Could there be anything worse than finding out that the real estate asset you have bought comes with a lot of problems that warrant immediate repair or renovation? This nightmarish scenario isn’t unheard of but you can keep yourself from going down the same route by getting a building inspection done prior to the actual purchase.
Because buying properties is an expensive affair, you may not like the idea of shouldering substantial repair costs later on. With a timely building inspection report, you can minimise the chances of that happening and be sure that you’ll have little regret upon exchanging sales contracts with the real estate vendor.
Although some investors opt to do personal visits to do a quick ocular inspection, this may not be enough to come up with a thorough assessment of the property you’re about to buy. For one, property viewing lasts anywhere around half an hour to an hour so one may not have sufficient time to check every important feature in the building including sub floors and roof spaces.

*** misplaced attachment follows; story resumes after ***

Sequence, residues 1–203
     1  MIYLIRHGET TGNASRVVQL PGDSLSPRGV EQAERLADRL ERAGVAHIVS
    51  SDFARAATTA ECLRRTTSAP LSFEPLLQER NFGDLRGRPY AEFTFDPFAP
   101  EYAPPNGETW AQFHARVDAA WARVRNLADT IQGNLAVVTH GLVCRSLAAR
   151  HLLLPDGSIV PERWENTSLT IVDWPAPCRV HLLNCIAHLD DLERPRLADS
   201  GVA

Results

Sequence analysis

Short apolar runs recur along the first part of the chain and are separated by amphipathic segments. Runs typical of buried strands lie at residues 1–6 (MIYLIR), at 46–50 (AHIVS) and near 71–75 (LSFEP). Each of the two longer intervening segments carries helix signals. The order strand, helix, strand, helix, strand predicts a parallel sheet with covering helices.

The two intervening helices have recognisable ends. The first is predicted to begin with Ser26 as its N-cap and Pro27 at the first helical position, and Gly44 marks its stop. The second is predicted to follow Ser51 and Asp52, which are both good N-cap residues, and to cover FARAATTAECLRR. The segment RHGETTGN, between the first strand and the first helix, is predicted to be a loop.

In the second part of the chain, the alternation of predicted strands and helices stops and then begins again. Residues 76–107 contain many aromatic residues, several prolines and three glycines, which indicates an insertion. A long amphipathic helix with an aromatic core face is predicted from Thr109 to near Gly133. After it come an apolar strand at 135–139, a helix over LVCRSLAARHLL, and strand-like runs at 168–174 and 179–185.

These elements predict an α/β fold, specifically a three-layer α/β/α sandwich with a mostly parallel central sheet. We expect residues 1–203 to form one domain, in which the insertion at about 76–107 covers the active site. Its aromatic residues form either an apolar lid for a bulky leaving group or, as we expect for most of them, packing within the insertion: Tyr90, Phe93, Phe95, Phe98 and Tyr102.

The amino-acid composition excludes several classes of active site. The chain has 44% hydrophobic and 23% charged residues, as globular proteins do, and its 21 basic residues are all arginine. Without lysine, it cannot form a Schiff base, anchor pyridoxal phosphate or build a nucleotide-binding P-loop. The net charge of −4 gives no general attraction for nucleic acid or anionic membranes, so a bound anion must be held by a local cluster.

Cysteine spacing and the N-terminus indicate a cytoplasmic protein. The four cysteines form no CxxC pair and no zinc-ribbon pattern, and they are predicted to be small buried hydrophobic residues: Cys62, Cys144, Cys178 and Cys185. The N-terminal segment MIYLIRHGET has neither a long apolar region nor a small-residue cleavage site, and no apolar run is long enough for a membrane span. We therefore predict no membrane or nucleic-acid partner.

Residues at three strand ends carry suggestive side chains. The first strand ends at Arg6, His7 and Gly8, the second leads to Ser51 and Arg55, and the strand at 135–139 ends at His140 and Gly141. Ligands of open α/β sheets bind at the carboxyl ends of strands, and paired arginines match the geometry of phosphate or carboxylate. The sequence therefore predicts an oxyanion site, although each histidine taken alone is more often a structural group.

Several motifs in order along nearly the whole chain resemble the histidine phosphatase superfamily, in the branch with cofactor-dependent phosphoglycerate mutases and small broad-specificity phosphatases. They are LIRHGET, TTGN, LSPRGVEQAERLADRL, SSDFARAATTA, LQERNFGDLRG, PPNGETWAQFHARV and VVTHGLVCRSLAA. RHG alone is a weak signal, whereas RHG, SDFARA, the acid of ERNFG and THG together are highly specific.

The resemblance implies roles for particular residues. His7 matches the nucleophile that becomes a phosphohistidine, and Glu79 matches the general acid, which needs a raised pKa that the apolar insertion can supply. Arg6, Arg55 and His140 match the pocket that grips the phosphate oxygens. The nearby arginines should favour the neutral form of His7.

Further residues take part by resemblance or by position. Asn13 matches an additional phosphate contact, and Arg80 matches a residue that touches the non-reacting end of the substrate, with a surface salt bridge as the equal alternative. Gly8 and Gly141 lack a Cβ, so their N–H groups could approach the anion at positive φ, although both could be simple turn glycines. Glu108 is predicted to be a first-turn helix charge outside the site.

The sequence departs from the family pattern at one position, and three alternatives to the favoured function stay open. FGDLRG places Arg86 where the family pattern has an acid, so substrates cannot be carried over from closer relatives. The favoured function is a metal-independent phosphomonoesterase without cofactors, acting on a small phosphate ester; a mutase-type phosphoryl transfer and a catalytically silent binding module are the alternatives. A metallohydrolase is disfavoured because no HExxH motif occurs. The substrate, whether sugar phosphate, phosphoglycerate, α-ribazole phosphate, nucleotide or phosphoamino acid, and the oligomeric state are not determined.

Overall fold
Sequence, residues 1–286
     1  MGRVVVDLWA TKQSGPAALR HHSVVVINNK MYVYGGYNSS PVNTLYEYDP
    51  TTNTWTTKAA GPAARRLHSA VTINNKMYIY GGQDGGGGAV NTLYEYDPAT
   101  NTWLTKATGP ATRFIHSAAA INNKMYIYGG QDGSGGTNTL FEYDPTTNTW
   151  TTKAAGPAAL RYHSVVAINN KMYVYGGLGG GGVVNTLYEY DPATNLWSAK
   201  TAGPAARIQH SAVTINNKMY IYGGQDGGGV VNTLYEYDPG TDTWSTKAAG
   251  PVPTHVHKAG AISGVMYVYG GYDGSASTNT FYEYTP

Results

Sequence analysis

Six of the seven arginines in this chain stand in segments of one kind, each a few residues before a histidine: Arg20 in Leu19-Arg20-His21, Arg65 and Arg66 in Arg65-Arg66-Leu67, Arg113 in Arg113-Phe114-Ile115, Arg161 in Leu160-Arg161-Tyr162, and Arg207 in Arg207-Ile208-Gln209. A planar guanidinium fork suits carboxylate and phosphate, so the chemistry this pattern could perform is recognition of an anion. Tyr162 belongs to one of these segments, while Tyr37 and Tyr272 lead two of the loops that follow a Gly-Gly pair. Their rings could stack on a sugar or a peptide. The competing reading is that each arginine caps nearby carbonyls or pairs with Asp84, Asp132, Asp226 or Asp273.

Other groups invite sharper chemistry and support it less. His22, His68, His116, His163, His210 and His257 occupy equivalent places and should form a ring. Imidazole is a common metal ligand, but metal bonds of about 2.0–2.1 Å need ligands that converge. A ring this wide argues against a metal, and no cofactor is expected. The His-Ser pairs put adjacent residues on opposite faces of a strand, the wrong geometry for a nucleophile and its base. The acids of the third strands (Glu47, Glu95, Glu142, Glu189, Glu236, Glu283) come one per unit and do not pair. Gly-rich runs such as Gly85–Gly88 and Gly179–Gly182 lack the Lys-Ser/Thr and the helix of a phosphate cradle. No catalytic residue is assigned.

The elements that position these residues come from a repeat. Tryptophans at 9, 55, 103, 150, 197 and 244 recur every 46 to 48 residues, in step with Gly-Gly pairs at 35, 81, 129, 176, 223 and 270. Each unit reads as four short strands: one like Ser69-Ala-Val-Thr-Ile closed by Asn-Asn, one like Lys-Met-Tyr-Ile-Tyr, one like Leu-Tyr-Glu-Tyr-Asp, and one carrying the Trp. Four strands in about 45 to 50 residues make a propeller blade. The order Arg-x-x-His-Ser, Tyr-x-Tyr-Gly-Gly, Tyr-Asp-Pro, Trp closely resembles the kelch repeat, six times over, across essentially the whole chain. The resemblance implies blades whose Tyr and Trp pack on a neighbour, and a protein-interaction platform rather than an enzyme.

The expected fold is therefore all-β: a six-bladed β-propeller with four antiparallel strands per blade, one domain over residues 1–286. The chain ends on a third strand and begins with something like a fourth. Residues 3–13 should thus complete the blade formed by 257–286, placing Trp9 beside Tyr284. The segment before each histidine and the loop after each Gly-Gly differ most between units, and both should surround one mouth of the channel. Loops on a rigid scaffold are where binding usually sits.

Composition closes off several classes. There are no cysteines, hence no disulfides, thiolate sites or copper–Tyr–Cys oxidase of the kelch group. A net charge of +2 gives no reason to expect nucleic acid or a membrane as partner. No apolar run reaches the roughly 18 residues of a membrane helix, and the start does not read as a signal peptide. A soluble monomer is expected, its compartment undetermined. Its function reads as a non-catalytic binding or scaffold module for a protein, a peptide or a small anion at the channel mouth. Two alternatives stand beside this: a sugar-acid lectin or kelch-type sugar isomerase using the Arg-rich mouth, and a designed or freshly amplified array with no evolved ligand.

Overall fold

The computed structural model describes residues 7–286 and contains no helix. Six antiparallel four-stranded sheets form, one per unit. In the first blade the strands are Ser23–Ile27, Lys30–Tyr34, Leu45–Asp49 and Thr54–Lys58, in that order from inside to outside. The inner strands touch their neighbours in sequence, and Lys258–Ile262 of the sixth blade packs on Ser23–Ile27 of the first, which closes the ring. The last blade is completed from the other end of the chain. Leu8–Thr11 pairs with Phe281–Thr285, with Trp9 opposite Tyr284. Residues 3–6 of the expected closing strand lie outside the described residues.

Meanwhile, others will ask real estate agents if they can repurchase property inspection reports that have been commissioned previously. However, this strategy comes with a few risks.
The best way to get a building inspection done is by commissioning an independent team before a contract of sale is finalised.
What can investors like yourself expect from the content of a property inspection report?
To begin with, know that the detail and format in the building inspection report depends on the client’s specifications and the type of property assessed. In most cases, the size and age of the property as well as the property’s general condition and the reporting process used by the inspector all comes into play as the said report is prepared, too.
It’s worth emphasising that the report has to include enough information for buyers to be aware of the property’s general condition. This should help them identify significant problems that they may likely deal with down the track and decide if those hurdles are risks worth taking.
Even with this premise, remember that a standard building inspection report is largely limited to a visual inspection only. It may not identify major structural defects and other problems that may be hidden from plain view.